If hypotension or signs of shock persist beyond the second dose of IM epinephrine, or if the patient is critically ill at any point, I switch to intravenous epinephrine in addition to continuing aggressive fluid resuscitation. A controlled drip is always the best, but never immediately available. To temporize in adult patients I use push-dose epinephrine:
- Take a 10ml syringe of normal saline and discard 1ml (leaving 9ml of saline in the syringe)
- Withdraw 1ml of the crash cart epinephrine into this syringe. (Out of 1mg of epinephrine, you will be withdrawing 1/10th or 100mcg. Diluted in 10ml of normal saline, this leaves you with a solution of 10mcg/ml)
- Label the syringe to prevent medication errors
- Inject 0.5-2ml (5-20mcg) every 1-2 minutes, titrating to blood pressure and/or symptoms
If there is bronchospasm or any signs of respiratory compromise
- Treat exactly like you would severe asthma
- Continuous salbutamol by nebulizer should be the primary therapy (in addition to the IM/IV epinephrine)
- In any case of anaphylaxis that did not respond quickly to salbutamol, I would also use nebulized epinephrine
- The addition of ipratropium bromide is reasonable if it doesn’t interfere with delivering the beta-agonist
- There is limited evidence for magnesium in asthma, and considering the potential side effect of hypotension I would be hesitant to use it in anaphylaxis
If the patient is on a beta-blocker
- The key addition in the setting of a beta-blocker is glucagon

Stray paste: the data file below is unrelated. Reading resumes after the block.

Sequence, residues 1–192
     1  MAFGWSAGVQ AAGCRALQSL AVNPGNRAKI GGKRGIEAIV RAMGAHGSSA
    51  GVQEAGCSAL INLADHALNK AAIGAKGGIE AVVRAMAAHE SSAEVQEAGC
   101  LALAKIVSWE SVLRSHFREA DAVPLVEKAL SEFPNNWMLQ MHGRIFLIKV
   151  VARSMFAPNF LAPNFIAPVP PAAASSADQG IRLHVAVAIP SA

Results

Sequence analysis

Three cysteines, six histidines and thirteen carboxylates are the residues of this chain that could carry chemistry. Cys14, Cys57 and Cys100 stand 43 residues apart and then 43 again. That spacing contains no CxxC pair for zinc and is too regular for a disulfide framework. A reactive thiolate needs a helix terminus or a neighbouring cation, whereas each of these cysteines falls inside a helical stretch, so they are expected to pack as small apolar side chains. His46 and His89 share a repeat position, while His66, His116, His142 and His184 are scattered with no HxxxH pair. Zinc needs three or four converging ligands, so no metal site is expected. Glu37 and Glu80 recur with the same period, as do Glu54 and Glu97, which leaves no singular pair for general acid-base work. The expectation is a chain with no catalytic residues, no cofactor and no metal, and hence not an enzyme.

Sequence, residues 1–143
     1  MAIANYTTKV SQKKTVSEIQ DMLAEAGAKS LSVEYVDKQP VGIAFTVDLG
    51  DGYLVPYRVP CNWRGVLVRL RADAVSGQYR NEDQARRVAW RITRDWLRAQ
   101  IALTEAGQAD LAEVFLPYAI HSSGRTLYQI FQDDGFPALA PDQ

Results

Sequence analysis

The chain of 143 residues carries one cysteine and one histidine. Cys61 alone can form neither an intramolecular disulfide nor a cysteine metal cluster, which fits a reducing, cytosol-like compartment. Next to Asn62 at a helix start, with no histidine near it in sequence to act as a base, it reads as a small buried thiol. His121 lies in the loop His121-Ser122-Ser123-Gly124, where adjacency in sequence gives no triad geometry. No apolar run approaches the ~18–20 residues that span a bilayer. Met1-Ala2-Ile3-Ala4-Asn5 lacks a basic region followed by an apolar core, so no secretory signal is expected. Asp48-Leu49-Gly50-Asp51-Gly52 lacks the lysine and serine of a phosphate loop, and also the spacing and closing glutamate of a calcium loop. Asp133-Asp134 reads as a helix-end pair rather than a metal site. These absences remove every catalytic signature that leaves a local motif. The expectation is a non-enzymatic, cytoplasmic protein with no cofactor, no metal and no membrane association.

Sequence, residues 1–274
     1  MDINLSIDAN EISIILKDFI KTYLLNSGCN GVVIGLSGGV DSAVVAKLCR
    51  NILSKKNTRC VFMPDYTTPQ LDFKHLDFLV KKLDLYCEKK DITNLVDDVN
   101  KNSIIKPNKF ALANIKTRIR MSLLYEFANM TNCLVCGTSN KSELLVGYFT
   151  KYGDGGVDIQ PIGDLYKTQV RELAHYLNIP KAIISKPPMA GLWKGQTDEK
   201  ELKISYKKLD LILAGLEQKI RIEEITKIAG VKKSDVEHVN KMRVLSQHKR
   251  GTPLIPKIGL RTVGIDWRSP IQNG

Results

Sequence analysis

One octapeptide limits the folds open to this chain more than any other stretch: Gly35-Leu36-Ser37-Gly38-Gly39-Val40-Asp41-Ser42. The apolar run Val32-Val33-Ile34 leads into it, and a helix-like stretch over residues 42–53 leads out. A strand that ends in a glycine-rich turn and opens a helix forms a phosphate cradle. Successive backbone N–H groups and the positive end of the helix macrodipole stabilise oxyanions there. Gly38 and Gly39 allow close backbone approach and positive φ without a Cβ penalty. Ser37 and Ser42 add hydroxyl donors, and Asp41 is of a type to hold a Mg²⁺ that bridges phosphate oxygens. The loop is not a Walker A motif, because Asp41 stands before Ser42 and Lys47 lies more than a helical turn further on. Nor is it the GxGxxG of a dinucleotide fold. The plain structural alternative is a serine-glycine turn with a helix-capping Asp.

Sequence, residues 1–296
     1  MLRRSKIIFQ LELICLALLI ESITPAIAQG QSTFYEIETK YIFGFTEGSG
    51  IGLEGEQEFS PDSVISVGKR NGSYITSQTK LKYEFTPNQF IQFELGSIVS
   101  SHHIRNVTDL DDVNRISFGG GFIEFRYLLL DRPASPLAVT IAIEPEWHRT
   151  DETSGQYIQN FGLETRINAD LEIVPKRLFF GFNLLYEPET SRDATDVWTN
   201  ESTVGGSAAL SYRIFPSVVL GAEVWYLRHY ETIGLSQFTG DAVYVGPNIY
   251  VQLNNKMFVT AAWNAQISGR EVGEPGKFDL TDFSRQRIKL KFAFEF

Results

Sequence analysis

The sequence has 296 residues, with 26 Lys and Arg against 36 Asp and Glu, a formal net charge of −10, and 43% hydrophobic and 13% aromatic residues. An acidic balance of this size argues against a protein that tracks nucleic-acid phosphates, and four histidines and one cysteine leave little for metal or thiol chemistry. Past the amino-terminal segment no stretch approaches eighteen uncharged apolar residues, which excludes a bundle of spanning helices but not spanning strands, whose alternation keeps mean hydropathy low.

- 1 mg IV every 5 minutes
- Can increase the dose up to 3-5 mg
- Titrate to resolution of hypotension
- Be prepared for vomiting
Special Case: Pediatrics
There aren’t any major changes to the algorithm for children except the dosing of epinephrine. For IM epinephrine:
- The dose is 0.01mg/kg
- An Epi-pen jr. is 0.15mg
If IV epinephrine is required:
- The dose is 0.1-0.5mcg/kg/min
Although I always prefer a controlled drip in pediatrics, these can take eons to set up in a resuscitation. To get an IV epinephrine drip going quickly, my preferred method is:
- Take 1mg of epinephrine from the crash cart. Inject the full 1mg into 1L of normal saline and mix well. This leaves you with a concentration of 1mcg/mL of epineprhine
- Label this bag VERY clearly, so it cannot be confused with fluid boluses that are also likely being given
- In general, start the drip at around 1 ml/min (ie, 1mcg/min)
- The starting dose of IV epinephrine in children is 0.1mcg/kg/min. Therefore, in a 10kg child, 1mcg/min would be appropriate
- Titrate to blood pressure
You may notice that I did not mention antihistamines (whether H1 or H2) or steroids anywhere in the above post. The evidence that these do anything for anaphylaxis is poor, but at best they are to prevent biphasic reactions and help with mild symptoms like skin itch. There is enough to get done during a resuscitation, so I think they should be ignored.
Other FOAMed Resources
Specifically on epinephrine and dosing:
On Awake intubation:
Borshoff DC. The Anesthetic Crisis Manual. Leeuwin press; 2013.
Rowe BH, Gaeta TJ. Chapter 27. Anaphylaxis, Acute Allergic Reactions, and Angioedema. In: Tintinalli JE et al. eds. Tintinalli’s Emergency Medicine: A Comprehensive Study Guide, 7e. New York, NY: McGraw-Hill; 2011. http://accessmedicine.mhmedical.com/content.aspx?bookid=348&Sectionid=40381488.
Pattanaik D, Yataco JC, Lieberman P. Anaphylactic and Anaphylactoid Reactions. In: Hall JB, Schmidt GA, Kress JP. eds. Principles of Critical Care, 4e.New York, NY: McGraw-Hill; 2015